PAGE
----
Tax and credit support pledged for exporters

PUBLISHED : Tuesday, 03 March, 2009, 12:00am
UPDATED : Tuesday, 03 March, 2009, 12:00am

To bolster China's troubled export industries, the government would take further measures as necessary, including more increases in export tax rebates and wider coverage of export credit insurance, Xinhua quoted Vice-Minister of Commerce Zhong Shan as saying.

Speaking in Shanghai at the weekend, Mr Zhong indicated more policies were on the way to help the country's weakening foreign trade.

'The policies that have been implemented so far are only a comma, not a full stop. We will alter the current foreign trade policies to lessen the burdens of companies and increase confidence, and improve policies according to the changing situation,' he said.

'The financial crisis has not bottomed out yet, which may reduce the country's international trade markedly. In addition, trade protectionism might escalate. Therefore, China's foreign trade this year will face a severe situation,' Xinhua quoted Mr Zhong as saying.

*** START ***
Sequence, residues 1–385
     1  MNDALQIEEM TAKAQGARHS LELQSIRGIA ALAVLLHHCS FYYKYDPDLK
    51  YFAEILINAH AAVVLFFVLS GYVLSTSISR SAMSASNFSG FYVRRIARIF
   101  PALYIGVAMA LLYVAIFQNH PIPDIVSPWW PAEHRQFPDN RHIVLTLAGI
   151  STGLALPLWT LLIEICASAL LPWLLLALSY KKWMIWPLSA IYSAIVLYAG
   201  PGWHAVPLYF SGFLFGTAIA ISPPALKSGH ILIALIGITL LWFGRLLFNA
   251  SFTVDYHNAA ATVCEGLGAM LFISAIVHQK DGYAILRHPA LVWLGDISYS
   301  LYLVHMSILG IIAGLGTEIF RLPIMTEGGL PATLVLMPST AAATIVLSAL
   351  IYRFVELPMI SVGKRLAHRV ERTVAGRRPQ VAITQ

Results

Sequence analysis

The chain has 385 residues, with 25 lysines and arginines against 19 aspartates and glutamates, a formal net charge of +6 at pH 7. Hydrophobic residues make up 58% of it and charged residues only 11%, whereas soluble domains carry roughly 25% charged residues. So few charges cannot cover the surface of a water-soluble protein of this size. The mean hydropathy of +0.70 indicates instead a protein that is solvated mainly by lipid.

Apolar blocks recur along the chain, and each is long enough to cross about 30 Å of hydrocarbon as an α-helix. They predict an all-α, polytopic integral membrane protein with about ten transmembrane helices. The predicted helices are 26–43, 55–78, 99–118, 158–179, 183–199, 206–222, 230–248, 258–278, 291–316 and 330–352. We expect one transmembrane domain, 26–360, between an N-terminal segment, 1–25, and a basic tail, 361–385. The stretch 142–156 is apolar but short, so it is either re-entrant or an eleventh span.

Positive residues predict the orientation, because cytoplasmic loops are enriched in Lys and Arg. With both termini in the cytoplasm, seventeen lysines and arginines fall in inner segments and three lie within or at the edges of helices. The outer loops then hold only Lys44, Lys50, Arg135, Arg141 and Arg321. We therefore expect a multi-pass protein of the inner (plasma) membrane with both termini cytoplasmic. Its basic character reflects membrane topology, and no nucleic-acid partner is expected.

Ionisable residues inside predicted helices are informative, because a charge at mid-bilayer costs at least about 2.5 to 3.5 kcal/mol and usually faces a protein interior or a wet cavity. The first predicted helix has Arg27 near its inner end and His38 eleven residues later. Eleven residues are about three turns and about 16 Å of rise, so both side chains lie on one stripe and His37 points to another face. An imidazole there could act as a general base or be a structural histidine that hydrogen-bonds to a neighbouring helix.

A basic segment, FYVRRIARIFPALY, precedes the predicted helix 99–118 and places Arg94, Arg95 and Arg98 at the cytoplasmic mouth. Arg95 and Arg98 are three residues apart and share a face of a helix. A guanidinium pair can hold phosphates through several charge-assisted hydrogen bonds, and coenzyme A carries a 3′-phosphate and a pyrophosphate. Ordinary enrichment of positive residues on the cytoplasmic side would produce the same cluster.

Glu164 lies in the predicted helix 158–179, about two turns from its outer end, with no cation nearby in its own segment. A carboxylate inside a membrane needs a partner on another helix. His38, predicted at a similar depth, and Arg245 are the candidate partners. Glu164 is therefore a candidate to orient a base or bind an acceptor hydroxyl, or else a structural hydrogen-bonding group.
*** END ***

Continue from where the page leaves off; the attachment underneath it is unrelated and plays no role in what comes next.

In January, exports fell 17.5 per cent, while imports plunged 43.1 per cent. For the whole of this year, Merrill Lynch forecast the country's exports would fall 5 per cent and imports would drop 11.7 per cent.

'There has to be more drastic action taken,' said Neeraj Sawhney, a director of Topnet International, a Hong Kong textile trading firm. 'Giving a few per cent in rebates doesn't help much if companies don't have business. Orders are not coming in. That is the big issue. If orders come in, rebates would help.'

Recently, the Chinese government has guaranteed up to 500,000 yuan (HK$568,000) of credit to businesses, but banks are still reluctant to lend, Mr Sawhney said.

'Companies are still not getting enough funds.'

Willy Lin Sun-mo, the chairman of the Hong Kong Shippers' Council, said: 'Many companies in China can't get trade financing, as the factoring rate is now very high.'

Mr Lin suggested China Export Import Bank, the country's leading import-export bank, extend more credit to small and medium-sized enterprises. Exim Bank's financing is mainly restricted to ships and capital goods.

Mr Zhong's announcement of more export credit insurance was in accordance with recent feedback given to him by Hong Kong industry, said Mr Lin, who is also vice-chairman of the Hong Kong Textile Council.

'We told him export insurance is very important for companies to decide whether to accept orders.' he said.